This merger brings the share of market in only 3 companies to a potentially dangerous number for independents and regional chains. The buying power and back room synergies gained by the merger will come close to matching Kroger's and Walmart's efficiencies. The answer to how it affects the industry really lies in the strategy that this new entity employs. They can utilize their clout to gain market share in their current markets with pricing and targeted marketing. Or they may opt to maximize profit with their new synergies. Either way, these marketplaces will experience some change in the next 2 years!

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J. Peter Deeb, Managing Partner, Deeb MacDonald & Associates, L.L.C.

From the perspective of someone deeply involved with niche brands, specialty brands, and what some would call "small" brands, particularly in HBC, OTC, and non-foods, I think this is great for my clients. In my opinion, Safeway has never been a company to be on the leading edge for branded products that are not one of the fast-moving commodities in any given category. Early indications are that the new Albertsons company might stock more premium, specialty, and niche items for their customers.

Still, some questions. Do we know where the company will operate from? Will it be at the current Safeway headquarters in California, or will it be at Albertsons' in Idaho? And is Supervalu now completely out of the picture?

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David Biernbaum, Senior Marketing and Business Development Consultant, David Biernbaum Associates LLC

Safeway operates stores in many areas as does Albertsons, and to have this merger with no store closings is then a good move. Some of the other companies that may yet bid on Safeway could end up closing some stores for a variety of reasons. It will be better for the industry to have a stronger number 2 player in the industry. The new company being a bit larger may be more competitive too.

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Frank Riso, Principal, Frank Riso Associates, LLC

I am not impressed with this merger. While Cerberus is a very savvy investment banker, I think this merger represents two giants wobbling toward insolvency. I assume that Cerberus et al considered the retail site value of both Safeway and Albertsons locations in doing this deal.

I see little impact on business by this consolidation. And if the Safeway and Albertsons customers are enhanced by this merger, then consumers will benefit.

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Richard J. George, Ph.D., Professor of Food Marketing, Haub School of Business, Saint Joseph's University

I agree with Mark Heckman. The question is, who is the dog and who is the tail? As a shopper marketer, I am keeping my fingers crossed that it's Safeway.

Safeway has a progressive, disciplined approach to shopper marketing and I would love to see more of that across the board.

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Liz Crawford, SVP, Strategy & Insights, Head of ShopLab, Match Drive

Basically, Albertsons is saying they're giving the high end to Whole Foods and the Wegmans of the world and the low end to Aldi, Walmart and the Sav-A-Lots of the world. With the possible exception of Shaw's, they are going to fight for the middle. I'm not sure that is a good space to be - there isn't much store differentiation, pricing tends to be reactive and the shopper is faceless. Most important, the deal does nothing outwardly to address online opportunities.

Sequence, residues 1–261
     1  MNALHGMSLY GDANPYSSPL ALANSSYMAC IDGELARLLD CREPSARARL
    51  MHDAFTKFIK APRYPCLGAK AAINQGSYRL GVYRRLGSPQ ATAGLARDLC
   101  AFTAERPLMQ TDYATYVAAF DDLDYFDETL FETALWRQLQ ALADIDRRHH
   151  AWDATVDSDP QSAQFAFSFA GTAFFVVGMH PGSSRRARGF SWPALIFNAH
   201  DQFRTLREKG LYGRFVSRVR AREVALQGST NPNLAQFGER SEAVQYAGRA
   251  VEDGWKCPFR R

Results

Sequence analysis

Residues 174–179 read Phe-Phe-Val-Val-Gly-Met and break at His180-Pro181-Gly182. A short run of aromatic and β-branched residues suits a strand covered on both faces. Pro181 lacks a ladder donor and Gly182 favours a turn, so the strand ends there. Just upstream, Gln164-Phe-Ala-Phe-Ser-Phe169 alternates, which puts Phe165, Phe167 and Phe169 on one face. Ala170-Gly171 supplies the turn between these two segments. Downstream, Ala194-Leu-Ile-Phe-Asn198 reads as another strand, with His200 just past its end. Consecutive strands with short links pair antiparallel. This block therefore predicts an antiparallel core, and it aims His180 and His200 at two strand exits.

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Ron Margulis, Managing Director, RAM Communications

Good competitive move vs Kroger. Improving customer service (not currently a strength of either entity) will be critical.

Christina Ellwood, CEO, Moreland Associates

This merger will have little effect on the supermarket industry. We still don't have a nationwide supermarket chain in this country. We have some large regionals, but no chain has stores in every state. Consolidation will lower overhead and supply chain costs, but won't really change store operating cost.

The issue facing the industry is not within, but outside. The traditional supermarket must take sales from the alternate formats and channels, as well as the eating-away-from-home market. Industry sales must increase greater than food inflation to regain share of stomach.

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W. Frank Dell II, CMC, President, Dellmart & Company

Below average operator + below average operator = a below average operator. Safeway and Albertsons both continue to pick up the rear when it comes to sales per square foot. At least it's working out for shareholders.

I'm sure with all the redundancies in distribution and store locations, we will see some closures. This will be healthy for everyone, particularly competitors who will have fewer locations to compete with, along with capturing the usual sales declines which often happen after an acquisition. Consumers already have better options, which is why this merger happened in the first place.

David Livingston, Principal, DJL Research


This will be interesting. Both companies have botched various attempts at growth. There is a lot of overlap in the West and both companies have very different cultures and different go to market strategies such as loyalty card vs. no loyalty card at Albertsons.

Also both store bases need capital as they are aging and many are in need of modernization and upkeep. I just am not so sure two poorly performing chains coming together will end in something strong. Also I am curious about which company will have control. Both have been very smug and arrogant in past mergers.